Five AI startups that want to change the world - Start Up Gazzete
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Five AI startups that want to change the world


Advances in deep learning and neural networks have provided enormous advances in natural language processing and computer vision and have the potential to solve big problems in manufacturing, retail, supply chain, agriculture and an countless other business segments. Naturally, tech startups are behind some of the biggest innovations.

Let’s take a look at “applied artificial intelligence (AI)” startups. These are companies that are applying different techniques – be it the processing of images, text, audio, video, categorical or tabular data or combinations of the above – to face various challenges in the industry, from the fulfillment of the promise of autonomous cars until the limits of agricultural production have been exceeded.


Argo AI

We have already arrived? It seems we’ve been waiting for the promises for years, but the work on autonomous driving technology continues. Argo AI is a company that aims to become the complete platform for self-driving vehicles; it encompasses all the software, hardware, maps, and remote infrastructure that will be needed to get us into the glorious future where we don’t have to be on a bus or train to read a book on the way to work.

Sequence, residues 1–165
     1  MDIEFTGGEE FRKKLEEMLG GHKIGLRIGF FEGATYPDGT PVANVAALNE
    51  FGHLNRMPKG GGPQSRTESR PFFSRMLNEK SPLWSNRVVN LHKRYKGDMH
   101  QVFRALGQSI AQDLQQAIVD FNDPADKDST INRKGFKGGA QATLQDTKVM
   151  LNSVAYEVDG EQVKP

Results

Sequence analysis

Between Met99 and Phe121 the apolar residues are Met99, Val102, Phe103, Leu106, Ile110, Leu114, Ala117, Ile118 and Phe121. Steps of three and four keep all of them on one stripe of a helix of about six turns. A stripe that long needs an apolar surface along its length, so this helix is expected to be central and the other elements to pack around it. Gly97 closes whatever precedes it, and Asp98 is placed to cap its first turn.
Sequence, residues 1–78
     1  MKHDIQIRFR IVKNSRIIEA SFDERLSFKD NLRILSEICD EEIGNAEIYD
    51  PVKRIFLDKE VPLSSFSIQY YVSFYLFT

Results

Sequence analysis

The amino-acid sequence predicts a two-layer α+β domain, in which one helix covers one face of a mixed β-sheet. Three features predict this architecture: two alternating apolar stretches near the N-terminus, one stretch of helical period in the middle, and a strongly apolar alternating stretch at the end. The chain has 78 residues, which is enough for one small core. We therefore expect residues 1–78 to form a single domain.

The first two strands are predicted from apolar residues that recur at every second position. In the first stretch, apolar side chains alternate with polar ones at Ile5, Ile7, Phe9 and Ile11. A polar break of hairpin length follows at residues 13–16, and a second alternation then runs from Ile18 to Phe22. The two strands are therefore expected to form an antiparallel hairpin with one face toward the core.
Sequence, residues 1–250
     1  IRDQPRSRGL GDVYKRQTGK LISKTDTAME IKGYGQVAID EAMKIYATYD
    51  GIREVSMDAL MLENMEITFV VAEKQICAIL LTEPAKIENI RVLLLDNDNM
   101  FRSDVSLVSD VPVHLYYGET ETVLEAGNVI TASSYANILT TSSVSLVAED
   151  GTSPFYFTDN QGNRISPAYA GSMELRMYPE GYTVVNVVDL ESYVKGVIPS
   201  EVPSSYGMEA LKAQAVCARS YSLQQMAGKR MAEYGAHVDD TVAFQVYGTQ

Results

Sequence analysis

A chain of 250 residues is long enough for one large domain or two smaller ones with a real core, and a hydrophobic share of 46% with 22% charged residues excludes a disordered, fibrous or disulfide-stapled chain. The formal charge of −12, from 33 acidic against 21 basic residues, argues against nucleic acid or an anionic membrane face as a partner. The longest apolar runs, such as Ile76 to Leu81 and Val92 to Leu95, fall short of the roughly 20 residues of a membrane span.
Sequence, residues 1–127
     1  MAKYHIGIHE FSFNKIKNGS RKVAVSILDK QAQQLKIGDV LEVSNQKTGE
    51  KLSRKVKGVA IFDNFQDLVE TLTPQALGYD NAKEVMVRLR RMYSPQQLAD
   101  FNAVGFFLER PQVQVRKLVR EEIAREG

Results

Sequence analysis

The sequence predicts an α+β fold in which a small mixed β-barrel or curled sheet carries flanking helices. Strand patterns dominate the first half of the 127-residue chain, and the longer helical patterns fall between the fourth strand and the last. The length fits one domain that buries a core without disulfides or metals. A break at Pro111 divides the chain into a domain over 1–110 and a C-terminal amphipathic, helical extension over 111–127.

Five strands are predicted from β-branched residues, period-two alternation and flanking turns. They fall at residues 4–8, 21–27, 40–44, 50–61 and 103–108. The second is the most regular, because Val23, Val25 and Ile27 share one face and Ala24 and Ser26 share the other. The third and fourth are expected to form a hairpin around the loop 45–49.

In collaboration with partners such as Ford and Volkswagen, Argo AI is pushing the boundaries of the investigation, and has just announced Argo Lidar (light detection and ranging), a new approach to perform object checks up to 400 meters away, in addition to perform well at night and in low light conditions and be able to handle transitions like tunnel exits that can cause problems for other lidar arrays (and let’s face it, us poor humans too).

Argo AI doesn’t make wild promises about its current technology, but it seems like it’s putting in a long, hard job to achieve a safe assisted driving experience. It is currently testing its technology in six cities in the United States and is also scheduled to do tests in Europe later this year.

Ceres Imaging

It may not be as ingenious as autonomous driving, but the technology Ceres Imaging is applying to crops can help lower our grocery bill long before we can jump into an autonomous car and have it drive us to the grocery store.

Ceres Imaging offers a wonderful mix of old-school and cutting-edge technology, bypassing satellite or drone images and replacing them with high-resolution cameras mounted on fixed-wing aircraft, and using those images as input to a series models to provide critical information to farmers, such as discovering irrigation problems two to three weeks before they are visible in the field, correcting over- or under-irrigation situations, and calculating how solving these problems will affect yields.


Additionally, Ceres Imaging can relieve farmers of the burden of simple and time-consuming tasks such as tree counting, making this task possible from aerial imagery. Ceres delivers a report in which the number of trees by variety is counted and the locations of those that are missing or damaged are noted, even generating the nursery order for their replacement. It’s just a small example of how AI techniques are enabling advancements even in areas that don’t immediately come to mind when someone says the words “neural network.”

Landing AI